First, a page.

Section 1724, subdivision (1), of the Civil Code (statute of frauds) provides: ‘A contract to sell or a sale of any goods * * * of the value of five hundred dollars or upwards shall not be enforceable by action unless * * * some note or memorandum in writing of the contract or sale be signed by the party to be charged or his agent in that behalf.’ See also Civ.Code, sec. 1624a, and Code Civ.Proc. sec. 1973a. The value of the almonds was more than $500, and no memorandum of the alleged sale was signed by any of the defendants, the parties to be charged. Appellant asserts that the allegations of the amended complaint show that the defendants, by their conduct, waived their rights under the provisions of the statute of frauds and also that they are estopped to rely on those provisions. The allegations so referred to by appellant are to the effect that over a period of years appellant had purchased almonds from said copartnership and Slate under oral agreements, and that there had grown up between the parties an accepted mode, system and custom of buying and selling almonds under oral agreements. There was no allegation, however, that the former agreements were for the sale of almonds of the value of $500 or more. If the former oral agreements involved values less than $500, those agreements of course would not indicate waiver or estoppel. Also, it is to be noted there is an allegation that in the telephone conversation appellant told Mr. Slate that he (appellant) desired the almonds to fill a definite commitment and order with one of his customers. If appellant at the time of said conversation had already made a definite commitment or agreement to sell the almonds, it would seem that he did not rely upon any statements of Mr. Slate when he made the sale to his customer. The amended complaint did not allege sufficient facts to show that defendants waived their rights under the provisions of the statute of frauds or to show that they were estopped to rely on those provisions.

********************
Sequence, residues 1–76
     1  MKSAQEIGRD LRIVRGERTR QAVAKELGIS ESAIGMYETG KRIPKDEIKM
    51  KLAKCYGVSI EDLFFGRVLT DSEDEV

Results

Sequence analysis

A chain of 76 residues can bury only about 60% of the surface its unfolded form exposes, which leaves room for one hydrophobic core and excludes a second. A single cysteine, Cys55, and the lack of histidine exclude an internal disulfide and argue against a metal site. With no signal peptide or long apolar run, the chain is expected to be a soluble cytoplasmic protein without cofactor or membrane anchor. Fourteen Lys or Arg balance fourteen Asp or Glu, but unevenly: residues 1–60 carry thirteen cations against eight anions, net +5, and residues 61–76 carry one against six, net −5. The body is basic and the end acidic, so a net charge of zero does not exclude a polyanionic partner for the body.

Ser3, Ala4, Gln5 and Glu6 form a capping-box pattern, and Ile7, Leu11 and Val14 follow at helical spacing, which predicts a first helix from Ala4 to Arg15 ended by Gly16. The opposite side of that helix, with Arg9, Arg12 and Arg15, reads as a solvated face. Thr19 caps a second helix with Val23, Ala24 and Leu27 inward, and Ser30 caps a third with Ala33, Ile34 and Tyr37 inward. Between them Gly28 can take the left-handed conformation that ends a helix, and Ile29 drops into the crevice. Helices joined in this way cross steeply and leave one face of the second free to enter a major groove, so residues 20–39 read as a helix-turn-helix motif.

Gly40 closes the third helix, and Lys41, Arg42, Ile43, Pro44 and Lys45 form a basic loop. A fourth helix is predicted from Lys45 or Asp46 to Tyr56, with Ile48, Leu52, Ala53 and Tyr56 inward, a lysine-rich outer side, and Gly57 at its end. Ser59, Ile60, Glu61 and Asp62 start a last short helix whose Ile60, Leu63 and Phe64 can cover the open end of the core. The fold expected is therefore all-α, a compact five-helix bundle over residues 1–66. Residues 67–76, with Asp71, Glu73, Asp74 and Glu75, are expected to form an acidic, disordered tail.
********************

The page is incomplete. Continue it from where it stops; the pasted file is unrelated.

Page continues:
It was alleged in the original complaint that on October 23, 1946, the parties made an oral agreement for the purchase and sale of almonds in the same amount, at the same price, and under the same general circumstances as alleged in the amended complaint. In the original complaint, after having alleged the oral agreement, it was alleged that on October 30, 1946, the plaintiff mailed ‘a confirmation purchase order for said almonds to defendant Slate Almond Company,’ which was as follows:

‘Continental Nut Co.

Eleventh and Esplanade

Chico, California

Slate Almond Company

Paso Robles, California

Ship via

Purchase Order

No. 295 P

Date October 30, 1946

Acknowledge this order immediately. Send invoice to Continental Nut Co. Advise immediately when you will ship. Show order number on invoice. Carrier's receipt must accompanying invoice

Terms of Payment _____

Shipment December or January, Buyer's Option

F.O.B._____

Continental Nut Co.

By G. W. Stiefvater'

Defendants demurred generally and specially to the complaint. The demurrer was sustained.